Air Pollution, Meteorology, and COVID-19
Effects of air pollution reductions on mortality during the COVID-19 lockdown; and role of meteorological factors in the transmission of SARS-CoV-2
Effect of air pollution reductions on mortality during the COVID-19 lockdown: A natural experiment study
With funding from the Health Effects Institute, we will conduct a multicountry study to evaluate whether changes in mortality are associated with changes in ambient NO2 and PM2.5 levels before, during, and after the lockdown and disentangle the short-term effects of NO2 versus PM2.5 on mortality.
Heat, humidity and UV rays linked to COVID-19 spread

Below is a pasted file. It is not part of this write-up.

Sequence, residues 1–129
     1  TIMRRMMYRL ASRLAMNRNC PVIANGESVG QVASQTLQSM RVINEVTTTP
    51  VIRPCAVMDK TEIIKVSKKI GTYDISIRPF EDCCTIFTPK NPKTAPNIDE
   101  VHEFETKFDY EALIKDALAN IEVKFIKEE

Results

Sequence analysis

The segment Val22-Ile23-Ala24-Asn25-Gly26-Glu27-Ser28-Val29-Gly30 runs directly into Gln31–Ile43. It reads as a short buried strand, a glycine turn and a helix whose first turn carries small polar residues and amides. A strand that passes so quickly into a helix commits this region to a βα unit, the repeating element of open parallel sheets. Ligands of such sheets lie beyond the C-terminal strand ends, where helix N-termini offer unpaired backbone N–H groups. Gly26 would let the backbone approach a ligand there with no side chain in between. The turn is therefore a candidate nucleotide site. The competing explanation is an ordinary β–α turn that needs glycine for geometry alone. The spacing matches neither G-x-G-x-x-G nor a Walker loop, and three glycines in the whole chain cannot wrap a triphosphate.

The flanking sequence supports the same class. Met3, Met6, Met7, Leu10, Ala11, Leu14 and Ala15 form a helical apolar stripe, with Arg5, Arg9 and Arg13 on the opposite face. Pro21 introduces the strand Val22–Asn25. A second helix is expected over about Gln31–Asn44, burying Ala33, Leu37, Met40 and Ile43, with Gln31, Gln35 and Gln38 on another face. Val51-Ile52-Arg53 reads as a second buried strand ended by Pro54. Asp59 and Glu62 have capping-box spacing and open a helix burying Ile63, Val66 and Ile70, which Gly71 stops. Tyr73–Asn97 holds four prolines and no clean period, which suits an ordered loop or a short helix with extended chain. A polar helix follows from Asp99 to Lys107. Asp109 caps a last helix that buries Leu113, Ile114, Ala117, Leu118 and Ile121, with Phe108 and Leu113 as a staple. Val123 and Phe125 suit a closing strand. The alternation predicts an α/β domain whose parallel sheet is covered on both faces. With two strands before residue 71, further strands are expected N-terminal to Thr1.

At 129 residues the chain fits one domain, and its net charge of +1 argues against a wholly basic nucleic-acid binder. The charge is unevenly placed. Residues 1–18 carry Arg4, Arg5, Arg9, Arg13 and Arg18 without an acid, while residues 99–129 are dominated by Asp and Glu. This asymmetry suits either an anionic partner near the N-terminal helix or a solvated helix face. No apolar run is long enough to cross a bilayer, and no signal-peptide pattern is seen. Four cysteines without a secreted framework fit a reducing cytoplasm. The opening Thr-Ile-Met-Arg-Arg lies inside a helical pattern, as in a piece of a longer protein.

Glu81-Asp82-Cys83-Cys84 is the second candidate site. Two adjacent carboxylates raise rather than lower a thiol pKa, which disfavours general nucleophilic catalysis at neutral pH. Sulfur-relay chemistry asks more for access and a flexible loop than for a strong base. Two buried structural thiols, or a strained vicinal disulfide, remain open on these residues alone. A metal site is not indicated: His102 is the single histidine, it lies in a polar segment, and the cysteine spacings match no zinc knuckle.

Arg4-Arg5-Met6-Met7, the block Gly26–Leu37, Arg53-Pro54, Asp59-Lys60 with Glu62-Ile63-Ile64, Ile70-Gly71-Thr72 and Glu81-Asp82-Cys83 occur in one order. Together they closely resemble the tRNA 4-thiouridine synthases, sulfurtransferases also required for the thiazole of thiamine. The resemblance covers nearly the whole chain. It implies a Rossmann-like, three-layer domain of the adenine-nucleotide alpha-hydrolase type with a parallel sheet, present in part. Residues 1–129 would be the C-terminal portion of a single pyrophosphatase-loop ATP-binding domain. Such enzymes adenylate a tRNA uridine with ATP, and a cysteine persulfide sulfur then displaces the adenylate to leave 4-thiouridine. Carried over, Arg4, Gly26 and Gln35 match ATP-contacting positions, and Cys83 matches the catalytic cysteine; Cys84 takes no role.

While physical distancing and the use of face masks are well-known factors in preventing the spread of COVID-19, our recent research links meteorological variables such as temperature, humidity, and ultraviolet (UV) radiation to the transmission of SARS-CoV-2, the virus that causes COVID-19. found that warmer temperatures (above 20° Celsius), increased humidity, and higher levels of UV radiation were moderately associated with a lower reproductive number (a measurement of how many new infections are caused by a single infected person in a fully susceptible population), meaning that these factors were likewise associated with decreased person-to-person transmission. Of the three factors, absolute humidity played the greatest role.
The study is published in the journal Nature Communications.